Free Press Frontier is a documentary project exploring the role of independent journalism in societies with emerging press freedoms.
Press freedoms ultimately depend on critical news consumers. The audiences that read, watch, and listen to the news can only appreciate and support sound reporting if they know how to recognize it. Free Press Frontier takes audiences behind the news, profiling the work of independent, professional journalists in politically fragile societies. As we shadow local reporters covering controversial stories, Free Press Frontier shows the power of their craft to further human freedom and democratic ideals.In both nascent and established democracies, news reporting is in crisis. Independent, professional journalism has lost its place in the market with no new foothold yet secured. This transition inevitably impacts the core functions of a free press in civil society. How will leaders and voters learn about one another, who will we turn to for reliable information, and how will understand the changes happening around us? As the economy of news and information transforms over the next generation, Free Press Frontier will produce a documentary series focusing attention on the work of these journalists around the world as they dog officials, insist on access, persuade sources, and risk their lives to explain to audiences the forces that shape their communities. In these ways, we will provide vivid examples of integrity in journalism and its contribution to the vitality of democratic societies.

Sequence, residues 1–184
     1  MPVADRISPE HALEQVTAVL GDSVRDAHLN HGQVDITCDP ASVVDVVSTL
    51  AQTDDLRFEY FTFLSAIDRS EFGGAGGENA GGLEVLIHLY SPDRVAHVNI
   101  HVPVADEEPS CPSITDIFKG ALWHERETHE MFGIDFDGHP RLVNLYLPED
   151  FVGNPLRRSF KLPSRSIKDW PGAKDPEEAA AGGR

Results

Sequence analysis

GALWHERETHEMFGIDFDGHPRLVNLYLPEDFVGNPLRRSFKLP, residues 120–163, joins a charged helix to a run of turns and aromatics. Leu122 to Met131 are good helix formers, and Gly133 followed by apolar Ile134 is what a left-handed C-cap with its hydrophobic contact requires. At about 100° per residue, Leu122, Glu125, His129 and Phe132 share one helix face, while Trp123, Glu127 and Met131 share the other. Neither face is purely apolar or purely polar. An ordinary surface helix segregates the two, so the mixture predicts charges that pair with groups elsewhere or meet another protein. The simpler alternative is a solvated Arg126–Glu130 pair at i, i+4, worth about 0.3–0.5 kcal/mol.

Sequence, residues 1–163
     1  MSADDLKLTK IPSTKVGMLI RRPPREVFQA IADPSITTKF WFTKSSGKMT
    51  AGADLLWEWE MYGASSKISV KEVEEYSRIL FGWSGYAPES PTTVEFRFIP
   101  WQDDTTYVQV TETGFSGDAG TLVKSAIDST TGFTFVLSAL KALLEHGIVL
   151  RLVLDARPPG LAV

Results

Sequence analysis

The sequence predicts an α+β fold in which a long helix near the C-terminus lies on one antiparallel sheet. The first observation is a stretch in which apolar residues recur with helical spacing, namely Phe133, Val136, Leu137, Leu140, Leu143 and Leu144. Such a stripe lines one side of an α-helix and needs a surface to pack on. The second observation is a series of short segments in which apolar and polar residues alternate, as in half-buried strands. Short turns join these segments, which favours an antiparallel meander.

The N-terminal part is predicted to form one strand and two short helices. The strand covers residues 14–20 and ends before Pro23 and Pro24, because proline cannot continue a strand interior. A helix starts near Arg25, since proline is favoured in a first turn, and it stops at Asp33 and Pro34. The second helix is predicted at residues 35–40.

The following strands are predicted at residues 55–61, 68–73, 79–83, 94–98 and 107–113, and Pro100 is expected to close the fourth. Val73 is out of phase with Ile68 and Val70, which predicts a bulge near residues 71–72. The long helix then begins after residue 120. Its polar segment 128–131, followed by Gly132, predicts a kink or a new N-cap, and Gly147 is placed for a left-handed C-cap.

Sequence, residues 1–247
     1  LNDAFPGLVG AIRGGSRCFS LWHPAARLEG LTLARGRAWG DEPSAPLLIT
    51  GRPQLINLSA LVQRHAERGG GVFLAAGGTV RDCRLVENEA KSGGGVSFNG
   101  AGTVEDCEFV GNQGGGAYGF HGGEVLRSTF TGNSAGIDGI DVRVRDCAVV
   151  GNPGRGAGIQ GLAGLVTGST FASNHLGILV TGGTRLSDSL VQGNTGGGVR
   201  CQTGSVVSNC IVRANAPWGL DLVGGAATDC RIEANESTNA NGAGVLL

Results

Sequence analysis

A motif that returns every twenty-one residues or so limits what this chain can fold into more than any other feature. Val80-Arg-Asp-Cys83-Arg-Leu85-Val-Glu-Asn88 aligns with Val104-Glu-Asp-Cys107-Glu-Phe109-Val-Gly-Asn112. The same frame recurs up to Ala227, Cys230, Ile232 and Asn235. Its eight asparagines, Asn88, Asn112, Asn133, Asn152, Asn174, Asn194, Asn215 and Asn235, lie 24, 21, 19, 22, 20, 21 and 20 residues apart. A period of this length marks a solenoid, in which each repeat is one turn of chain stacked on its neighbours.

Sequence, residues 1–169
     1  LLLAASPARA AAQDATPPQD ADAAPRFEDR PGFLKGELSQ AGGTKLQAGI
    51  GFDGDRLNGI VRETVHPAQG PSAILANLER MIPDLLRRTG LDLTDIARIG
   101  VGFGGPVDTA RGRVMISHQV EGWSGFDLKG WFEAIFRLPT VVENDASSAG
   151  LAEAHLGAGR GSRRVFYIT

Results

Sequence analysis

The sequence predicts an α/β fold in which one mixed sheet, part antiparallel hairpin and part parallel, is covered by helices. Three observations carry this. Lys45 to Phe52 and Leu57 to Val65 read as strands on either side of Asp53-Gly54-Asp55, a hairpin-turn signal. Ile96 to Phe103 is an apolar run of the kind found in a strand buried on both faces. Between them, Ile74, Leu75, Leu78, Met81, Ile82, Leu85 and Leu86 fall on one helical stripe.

Who we are:
Jeanne Baron is an award-winning broadcast journalist. She has produced and reported for the GlobalPost, National Public Radio, Vermont Public Radio, the Maine Public Broadcasting Network, WGBH and WNYC in New York. She led the production of the national legal affairs program, NPR’s Justice Talking with Margot Adler and she is the recipient of a grant from the Fund for Investigative Journalism. Her reporting from Uganda, Rwanda, South Africa and the Central African Republic has been featured on NPR and BBC/PRI’s The World. She is a graduate of the Columbia University's Graduate School of Journalism. Columbia University's Graduate School of Journalism.
Alan Chin is a documentary photographer born and raised in New York City’s Chinatown. Since 1996, he has worked in China, the former Yugoslavia, Afghanistan, Iraq, Central Asia. and most recently Egypt and Tunisia. Domestically, Alan has followed the historic trail of the civil rights movement and documented the aftermath of Hurricane Katrina, the Gulf Oil Spill, and the 2008 presidential campaign. He is a contributing photographer to Newsweek and The New York Times, editor and photographer at BagNews, member of Facing Change: Documenting America (FCDA) and is represented by the Sasha Wolf Gallery. The New York Times nominated him for the Pulitizer prize for his coverage of the Kosovo war in 1999 and 2000.